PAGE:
Banana mint plants (Mentha arvensis ‘Banana’) are a variety of mint with bright, fuzzy, lime green foliage and a pronounced, very delightful aroma of banana. Like all mint plants, growing banana mint is easy. Read on for all the banana mint information you need to get started with this fun and rather quirky plant.
Banana Mint Information
Although these plants are grown primarily for their foliage, the small purple flowers, which bloom throughout the summer, are highly attractive to bees, butterflies, and other beneficial insects. The mature height of the plant is about 18 inches (45.5 cm.). Banana mint plants are perennial and suitable for growing in USDA plant hardiness zones 5 through 11.
Growing Banana Mint
Banana mint grows in partial shade or full sunlight and in nearly any type of well-drained soil. However, keep in mind that although banana mint may not be quite as rowdy as many of its mint cousins, it can still become quite aggressive. If you’re concerned that the plants may be bullies in your garden, plant them in containers to keep growth in check.
Planting seeds isn’t recommended for banana mint and may not produce the results you’re hoping for. However, it’s easy to start mint cuttings or divisions from an existing plant, or by planting young banana mint plants purchased at a nursery or greenhouse. You can even root banana mint cuttings in a glass of water.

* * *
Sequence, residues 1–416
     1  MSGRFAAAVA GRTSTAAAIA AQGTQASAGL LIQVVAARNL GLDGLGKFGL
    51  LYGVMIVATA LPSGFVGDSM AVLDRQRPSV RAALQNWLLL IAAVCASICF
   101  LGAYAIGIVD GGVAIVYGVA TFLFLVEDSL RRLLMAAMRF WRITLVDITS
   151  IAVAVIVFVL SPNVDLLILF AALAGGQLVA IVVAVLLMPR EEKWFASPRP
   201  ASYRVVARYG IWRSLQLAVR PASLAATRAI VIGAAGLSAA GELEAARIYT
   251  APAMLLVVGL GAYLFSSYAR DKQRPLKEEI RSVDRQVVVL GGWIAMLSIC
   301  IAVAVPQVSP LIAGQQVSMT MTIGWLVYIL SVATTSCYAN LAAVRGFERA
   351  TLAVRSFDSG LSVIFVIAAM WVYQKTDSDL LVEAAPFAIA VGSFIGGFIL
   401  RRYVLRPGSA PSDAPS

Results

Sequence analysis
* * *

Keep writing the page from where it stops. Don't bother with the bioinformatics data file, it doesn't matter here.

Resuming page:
Banana Mint Care
Banana mint requires little care. The most important thing is to keep the soil moist, but not saturated. Banana mint plants don’t tolerate dry soil.
Harvest banana mint regularly to keep the plant full and attractive. If the plant ever begins to look long and leggy in midsummer, feel free to cut it back by about one-third of its height. It will rebound quickly.
Cut the plants nearly to the ground in fall. If you live in the cooler ranges of the acceptable climate zones, a layer of mulch will protect the roots during the winter.
Uses for Banana Mint
Fresh banana mint leaves add flavor to hot and cold tea, adult beverages, ice cream, and baked goods such as muffins and cookies. The leaves are also easy to dry for use in the off-season.